The Sunday Washington Post featured a fascinating front page article, "Tech Titans Latest Project: Defy Death," which reports how prominent Infotech moguls are funding research that aims to increase healthy longevity and forestall the ravages of aging. As the Post reports:
Using their ideas and their billions, the visionaries who created Silicon Valley's biggest technology firms are trying to transform the most complicated system in existence: the human body.
Hooray for them, right? Not so fast say various bioethicists in quoted by the Post:
Their confidence in that wizardry and their own ideas may lead them to underestimate the downsides and even dangers of the work they are funding, say some science philosophers, historians and economists. Their research in stem cells, neuroscience, genetically modified organisms and viruses, for example, tinkers with nature in big ways that easily could go awry — and operates in a largely unregulated space.
Their work to slow or stop aging, if successful, is also likely to lead to broader societal upheaval, increasing pressure on natural resources and on the economy, as people live longer, work longer and imperil already strained entitlements such as Social Security. Life extension also would radically change the most important building block of society: the family. No one seems able to predict what life might be like when half a dozen or more generations are alive simultaneously.
Laurie Zoloth, a bioethicist at Northwestern University, worries that some of the billionaires' obsession with longevity may be driven as much by hubris as a desire to do public good.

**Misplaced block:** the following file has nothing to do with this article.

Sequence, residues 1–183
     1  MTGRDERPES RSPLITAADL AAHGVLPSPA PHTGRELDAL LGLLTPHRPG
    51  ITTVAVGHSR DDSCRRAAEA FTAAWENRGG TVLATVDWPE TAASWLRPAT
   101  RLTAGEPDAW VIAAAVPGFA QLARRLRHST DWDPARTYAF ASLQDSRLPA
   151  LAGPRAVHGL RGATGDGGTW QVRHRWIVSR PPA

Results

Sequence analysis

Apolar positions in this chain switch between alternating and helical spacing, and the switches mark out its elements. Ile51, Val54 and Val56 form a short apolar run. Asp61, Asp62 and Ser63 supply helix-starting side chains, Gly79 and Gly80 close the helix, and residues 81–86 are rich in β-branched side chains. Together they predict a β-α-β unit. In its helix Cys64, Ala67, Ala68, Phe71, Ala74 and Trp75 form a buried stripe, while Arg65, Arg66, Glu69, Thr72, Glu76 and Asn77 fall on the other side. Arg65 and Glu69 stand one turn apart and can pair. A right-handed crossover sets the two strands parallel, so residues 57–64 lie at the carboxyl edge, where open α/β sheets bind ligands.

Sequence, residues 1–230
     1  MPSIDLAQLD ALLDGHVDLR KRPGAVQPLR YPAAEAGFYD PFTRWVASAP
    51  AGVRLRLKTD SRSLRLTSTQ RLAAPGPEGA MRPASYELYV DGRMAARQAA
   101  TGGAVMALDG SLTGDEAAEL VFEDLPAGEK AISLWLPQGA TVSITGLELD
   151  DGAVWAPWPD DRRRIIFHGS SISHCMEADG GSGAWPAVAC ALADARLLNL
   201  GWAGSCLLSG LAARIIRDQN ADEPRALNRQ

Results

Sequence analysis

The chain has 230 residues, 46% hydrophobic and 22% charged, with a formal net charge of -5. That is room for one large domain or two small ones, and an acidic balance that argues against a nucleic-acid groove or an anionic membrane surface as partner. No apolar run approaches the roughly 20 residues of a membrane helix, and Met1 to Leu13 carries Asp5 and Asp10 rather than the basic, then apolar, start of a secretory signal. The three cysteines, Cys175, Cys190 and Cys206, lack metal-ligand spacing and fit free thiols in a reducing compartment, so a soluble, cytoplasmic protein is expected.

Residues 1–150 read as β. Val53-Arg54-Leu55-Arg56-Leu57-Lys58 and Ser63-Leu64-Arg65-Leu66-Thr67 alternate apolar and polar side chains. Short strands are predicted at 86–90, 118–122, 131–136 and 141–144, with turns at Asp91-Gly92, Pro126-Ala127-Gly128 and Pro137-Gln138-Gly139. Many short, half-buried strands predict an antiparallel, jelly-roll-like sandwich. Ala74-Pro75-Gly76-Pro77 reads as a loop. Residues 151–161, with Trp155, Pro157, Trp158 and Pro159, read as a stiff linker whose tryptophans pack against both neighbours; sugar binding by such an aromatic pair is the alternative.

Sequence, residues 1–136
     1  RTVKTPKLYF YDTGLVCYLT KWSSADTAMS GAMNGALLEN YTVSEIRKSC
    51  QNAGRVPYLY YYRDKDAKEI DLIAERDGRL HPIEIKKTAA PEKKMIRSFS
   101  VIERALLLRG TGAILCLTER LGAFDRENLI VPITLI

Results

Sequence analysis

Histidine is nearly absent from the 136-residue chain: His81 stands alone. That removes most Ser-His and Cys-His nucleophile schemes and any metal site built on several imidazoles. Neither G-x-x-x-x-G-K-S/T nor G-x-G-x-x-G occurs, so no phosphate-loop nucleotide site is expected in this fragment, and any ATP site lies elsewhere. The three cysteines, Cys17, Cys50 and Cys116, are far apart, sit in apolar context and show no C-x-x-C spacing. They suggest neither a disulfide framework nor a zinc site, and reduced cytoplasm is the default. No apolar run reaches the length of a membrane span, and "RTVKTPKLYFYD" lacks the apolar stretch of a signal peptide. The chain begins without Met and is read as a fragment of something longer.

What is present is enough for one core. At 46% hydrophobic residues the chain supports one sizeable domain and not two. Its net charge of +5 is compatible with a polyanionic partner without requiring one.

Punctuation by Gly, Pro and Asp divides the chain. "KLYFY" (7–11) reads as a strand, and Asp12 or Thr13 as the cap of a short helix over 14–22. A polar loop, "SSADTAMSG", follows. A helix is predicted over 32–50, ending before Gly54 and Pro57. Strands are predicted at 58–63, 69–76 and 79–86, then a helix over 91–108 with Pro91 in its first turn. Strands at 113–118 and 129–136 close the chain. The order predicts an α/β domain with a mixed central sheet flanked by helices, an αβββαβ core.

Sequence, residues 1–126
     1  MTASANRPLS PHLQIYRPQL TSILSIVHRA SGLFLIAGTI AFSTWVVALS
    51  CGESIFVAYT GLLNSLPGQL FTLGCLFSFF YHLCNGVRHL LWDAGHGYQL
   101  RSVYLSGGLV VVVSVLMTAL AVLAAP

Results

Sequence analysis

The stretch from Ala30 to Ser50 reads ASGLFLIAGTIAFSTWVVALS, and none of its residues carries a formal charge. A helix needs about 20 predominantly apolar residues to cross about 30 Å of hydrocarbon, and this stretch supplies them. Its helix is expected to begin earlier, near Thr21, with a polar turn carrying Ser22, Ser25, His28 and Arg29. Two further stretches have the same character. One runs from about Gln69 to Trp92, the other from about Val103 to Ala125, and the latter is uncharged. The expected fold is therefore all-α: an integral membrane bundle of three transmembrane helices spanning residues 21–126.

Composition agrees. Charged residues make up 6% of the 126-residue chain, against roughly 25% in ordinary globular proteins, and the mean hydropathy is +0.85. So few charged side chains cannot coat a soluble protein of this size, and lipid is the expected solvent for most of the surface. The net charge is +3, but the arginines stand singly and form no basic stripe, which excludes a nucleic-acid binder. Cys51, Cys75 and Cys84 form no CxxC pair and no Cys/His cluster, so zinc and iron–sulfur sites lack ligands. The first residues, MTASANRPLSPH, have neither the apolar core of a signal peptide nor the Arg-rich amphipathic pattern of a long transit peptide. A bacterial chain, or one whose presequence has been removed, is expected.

"It's incredibly exciting and wonderful to be part of a species that dreams in a big way," she said. "But I also want to be part of a species that takes care of the poor and the dying, and I'm worried that our attention is being drawn away to a glittery future world that is fantasy and not the world we live in." …
Zoloth, the Northwestern University bioethicist, said there is a reason why science often moves slowly.
"Making scientific progress faster doesn't necessarily mean better — unless if you're an aging philanthropist and want an answer in your lifetime," she said. "Science is about an arc of knowledge, and it can take a long time to play out. Sometimes we won't know answers for generations." …
"I think that research into life extension is going to end up being a big social disaster," [Francis] Fukuyama, [political theorist and former member of the President's Council on Bioethics,] said in an interview. "Extending the average human life span is a great example of something that is individually desirably by almost everyone but collectively not a good thing. For evolutionary reasons, there is a good reason why we die when we do."
Leon Kass, a physician and former head of the President's Council on Bioethics observes:
"Would it not be the ultimate injustice if only some people could afford a deathless existence, if the world were divided not only into rich and poor but into mortal and immortal?"
I much prefer Paypal co-founder Peter Thiel's view of the matter:
"I've always had this really strong sense that death was a terrible, terrible thing," [Thiel] said. "I think that's somewhat unusual. Most people end up compartmentalizing and they are in some weird mode of denial and acceptance about death, but they both have the result of making you very passive. I prefer to fight it."
"The great unfinished task of the modern world is to turn death from a fact of life into a problem to be solved — a problem towards whose solution I hope to contribute in whatever way I can."
Good for him.
For more background, see my 2008 interview, Technology is at the Center, with Thiel in which he offers his views on the ethics of increasing healthy human lifespans and the Singularity. See also my article, Eternal Youth For All, in the March 2015 issue.